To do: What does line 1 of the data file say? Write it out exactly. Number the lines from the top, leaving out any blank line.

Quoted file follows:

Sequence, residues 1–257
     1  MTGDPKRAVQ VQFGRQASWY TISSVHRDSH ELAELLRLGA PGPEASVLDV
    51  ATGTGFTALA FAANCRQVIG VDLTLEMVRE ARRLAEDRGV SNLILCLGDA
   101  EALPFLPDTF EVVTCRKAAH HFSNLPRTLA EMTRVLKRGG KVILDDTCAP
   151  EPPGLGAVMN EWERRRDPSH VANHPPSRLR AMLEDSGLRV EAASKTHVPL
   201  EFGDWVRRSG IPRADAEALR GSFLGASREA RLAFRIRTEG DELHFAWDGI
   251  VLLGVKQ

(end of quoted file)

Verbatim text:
Sequence, residues 1–257